AMICUS BRIEF – Georgia POTUS Eligibility Cases.

[UPDATED: 1:23 PM – SCRIBD download for Amicus Brief.]

This morning, I filed an AMICUS BRIEF in the Georgia POTUS eligibility cases. The brief complies with all Rules and procedures of the Administrative Court.  The brief is 54 pages, and the appendix is 155 pages. The Rules of Court require attachment to the brief of all legal authorities, other than those issued by the federal government, or the State of Georgia. There’s some very esoteric law attached thereto.

I seriously urge everyone to familiarize themselves with Lord Coke’s Report from Calvin’s Case, as well as Chancellor Ellesmere’s argument, also in Calvin’s Case, for this is the true common law genesis of jus soli subjection, which happens to be a uniquely Christian tenet of law that has been completely misunderstood in this country for too long now. Calvin’s Case is universally recognized as the common law precedent relating to jus soli, but it is so much more fascinating than you can imagine. And it will forever revolutionize understanding of the words “natural-born”.

This book contains all of the relevant arguments and reports. But the original text of Lord Coke’s Report is the proper starting point. (This document is also in the appendix to my brief.) And here’s another source with slightly modernized English and extras.

You may download the AMICUS BRIEF here.

Leo Donofrio, Esq.

[See commenting rules here.]


4 Responses to “AMICUS BRIEF – Georgia POTUS Eligibility Cases.”

  1. naturalborncitizen Says:

    There’s one substantive typo in the procedural history… hearing set for Jan. 26, 2012, not 2011. Whoops. The court has been notified and I was told by the clerk not to worry about.

    There are a couple of other minor typos, but nothing substantive… missing quotation mark here, extra space there… not bad for having no sleep in 40 hours. 🙂

    I have one more essay on all of this to come… then, I think, and pray… that I am done with this issue.

    My feature film was invited to a very cool film festival and Im going to be giving all of my attention to artistic endeavors going forward.

    Warm regards, peace and love to all, enemies and friends. I mean that. Love is the answer, people.


  2. naturalborncitizen Says:

    Regarding the page count, I was informed by the court clerk that since the Amicus Brief was not a filing by a party, there was no page restriction. The court has accepted the brief and may do with it as it pleases.

    Furthermore, please understand the nature of an Amicus Brief. It means “friend of the court”. Again, I am not representing any of the parties. And the Court is not required to place any weight on the brief, or to even read it at all. This is the nature of an amicus brief.

    I have no illusions one way or the other about the relevance of my work to the court. But they have accepted it, and there is no problem with the page count.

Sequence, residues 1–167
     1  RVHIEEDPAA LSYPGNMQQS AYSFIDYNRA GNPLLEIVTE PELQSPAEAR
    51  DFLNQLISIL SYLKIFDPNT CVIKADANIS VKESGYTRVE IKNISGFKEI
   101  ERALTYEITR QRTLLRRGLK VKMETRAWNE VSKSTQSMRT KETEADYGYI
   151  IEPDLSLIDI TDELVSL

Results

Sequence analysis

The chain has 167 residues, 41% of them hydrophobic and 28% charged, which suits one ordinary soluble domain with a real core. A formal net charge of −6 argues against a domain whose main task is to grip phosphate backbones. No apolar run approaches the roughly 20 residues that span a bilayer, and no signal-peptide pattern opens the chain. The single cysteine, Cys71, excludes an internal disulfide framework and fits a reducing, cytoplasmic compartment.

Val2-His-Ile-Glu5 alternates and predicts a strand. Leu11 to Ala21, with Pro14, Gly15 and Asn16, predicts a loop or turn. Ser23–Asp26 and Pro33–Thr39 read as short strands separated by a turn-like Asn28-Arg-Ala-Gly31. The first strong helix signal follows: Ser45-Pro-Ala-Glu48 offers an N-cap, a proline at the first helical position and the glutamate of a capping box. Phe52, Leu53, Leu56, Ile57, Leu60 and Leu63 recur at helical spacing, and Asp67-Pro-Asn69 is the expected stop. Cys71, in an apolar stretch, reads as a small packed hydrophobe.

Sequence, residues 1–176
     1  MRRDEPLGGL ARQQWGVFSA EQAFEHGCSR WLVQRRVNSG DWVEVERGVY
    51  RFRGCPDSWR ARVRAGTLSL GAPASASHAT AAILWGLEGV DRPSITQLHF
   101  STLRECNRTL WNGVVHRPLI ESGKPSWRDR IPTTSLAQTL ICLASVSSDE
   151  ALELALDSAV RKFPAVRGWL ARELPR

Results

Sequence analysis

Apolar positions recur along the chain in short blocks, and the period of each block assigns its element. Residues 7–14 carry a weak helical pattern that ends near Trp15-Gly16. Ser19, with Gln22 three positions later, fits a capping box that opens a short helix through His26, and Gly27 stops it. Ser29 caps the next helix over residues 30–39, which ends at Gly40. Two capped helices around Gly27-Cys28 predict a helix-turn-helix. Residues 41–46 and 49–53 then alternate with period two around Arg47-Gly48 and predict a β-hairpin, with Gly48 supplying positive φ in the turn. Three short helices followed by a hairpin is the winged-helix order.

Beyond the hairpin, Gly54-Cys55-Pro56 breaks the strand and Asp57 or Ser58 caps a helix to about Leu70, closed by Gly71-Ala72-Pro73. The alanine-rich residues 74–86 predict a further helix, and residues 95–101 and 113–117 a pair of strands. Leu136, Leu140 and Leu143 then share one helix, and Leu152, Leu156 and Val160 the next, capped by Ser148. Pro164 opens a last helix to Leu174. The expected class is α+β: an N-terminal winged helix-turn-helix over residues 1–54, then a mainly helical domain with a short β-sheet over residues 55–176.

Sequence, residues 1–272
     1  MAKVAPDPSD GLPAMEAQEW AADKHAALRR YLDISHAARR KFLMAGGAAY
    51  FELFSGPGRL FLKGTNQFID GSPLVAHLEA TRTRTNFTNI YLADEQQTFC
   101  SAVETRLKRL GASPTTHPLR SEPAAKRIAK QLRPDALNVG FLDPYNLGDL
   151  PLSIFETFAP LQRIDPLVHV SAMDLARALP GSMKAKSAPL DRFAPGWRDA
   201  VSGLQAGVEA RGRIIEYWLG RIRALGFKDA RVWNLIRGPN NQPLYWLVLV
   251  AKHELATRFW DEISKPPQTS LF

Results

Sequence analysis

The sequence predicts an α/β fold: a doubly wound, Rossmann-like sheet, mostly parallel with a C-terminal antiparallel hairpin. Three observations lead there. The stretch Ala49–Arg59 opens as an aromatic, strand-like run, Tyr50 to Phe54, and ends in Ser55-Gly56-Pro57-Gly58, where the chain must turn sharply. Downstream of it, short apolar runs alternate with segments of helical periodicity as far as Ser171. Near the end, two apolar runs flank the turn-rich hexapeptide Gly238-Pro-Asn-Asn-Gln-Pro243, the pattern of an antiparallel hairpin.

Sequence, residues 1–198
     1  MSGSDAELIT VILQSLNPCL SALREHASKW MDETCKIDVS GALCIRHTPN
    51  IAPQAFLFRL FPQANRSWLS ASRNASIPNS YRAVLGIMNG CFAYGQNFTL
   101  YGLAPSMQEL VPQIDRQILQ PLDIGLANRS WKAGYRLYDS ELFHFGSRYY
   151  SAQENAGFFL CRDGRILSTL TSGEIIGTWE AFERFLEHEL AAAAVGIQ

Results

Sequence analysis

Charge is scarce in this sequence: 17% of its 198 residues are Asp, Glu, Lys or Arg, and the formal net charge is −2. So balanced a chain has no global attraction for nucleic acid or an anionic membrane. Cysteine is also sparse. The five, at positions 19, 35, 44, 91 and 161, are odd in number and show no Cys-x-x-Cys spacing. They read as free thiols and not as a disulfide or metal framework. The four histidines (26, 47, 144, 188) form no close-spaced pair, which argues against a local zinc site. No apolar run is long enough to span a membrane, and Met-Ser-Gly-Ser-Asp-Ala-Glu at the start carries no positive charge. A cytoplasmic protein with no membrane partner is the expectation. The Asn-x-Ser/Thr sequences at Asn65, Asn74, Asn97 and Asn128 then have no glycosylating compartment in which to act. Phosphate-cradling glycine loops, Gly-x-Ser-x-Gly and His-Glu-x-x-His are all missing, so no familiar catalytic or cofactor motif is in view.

I repeat, the brief has not been filed on behalf of a party.



  3. naturalborncitizen Says:

    SCRIBD download link.

  4. naturalborncitizen Says:

    I have been asked to clarify pg. 19 of the Amicus Brief:

    “Since the common law application of jus soli requires, as its basis of power, submission to Christ, the framers could not have intended to incorporate the jus soli element of natural allegiance into Article 2, Section 1. Therefore, it begins to look more and more likely that the specific intention of the natural-born citizen clause was to require both, jus soli, and, jus sanguinis.”

    It’s the “natural allegiance” aspect of jus soli which is not incorporated into A2, S1. This is why simple birth on U.S. soil is not enough to make one a natural-born citizen. The words “natural born”, in “natural-born subject”, cannot be synonymous with the words “natural born”, in A2, S1.

    Since naturalization statutes have always been necessary to create citizenship for those born abroad to citizen parents, we know that birth on U.S. soil was required to be a natural-born citizen, but the “natural” part of that phrase must come from a source other than the English common law, as it relates to natural allegiance, owed via birth within the power of the King as God’s monarch on Earth, as that power emanates throughout his realms (jus soli).

    Jus sanguinis allegiance, as recognized by the nomenclature of the English common law, is initiated through the blood of one’s parents, which is related to the science of nature, as was discussed in Bacon v. Bacon.

    The non-denominational Law of Nations definition of “natural-born citizen” requires both jus soli and jus sanguinis, which makes sense under international law, as to a chief executive, so that there is a singular and undivided allegiance from birth, so that conflicts as to treason and treaties would be avoided. Avoiding, and/or settling, such entanglements is the very purpose of international law, aka the Law of Nations.

    Minor v. Happersett, 88 U.S. 162 (1874), adopted a definition of natural-born citizen that requires birth in the country (jus soil) to citizen parents (jus sanguinis).


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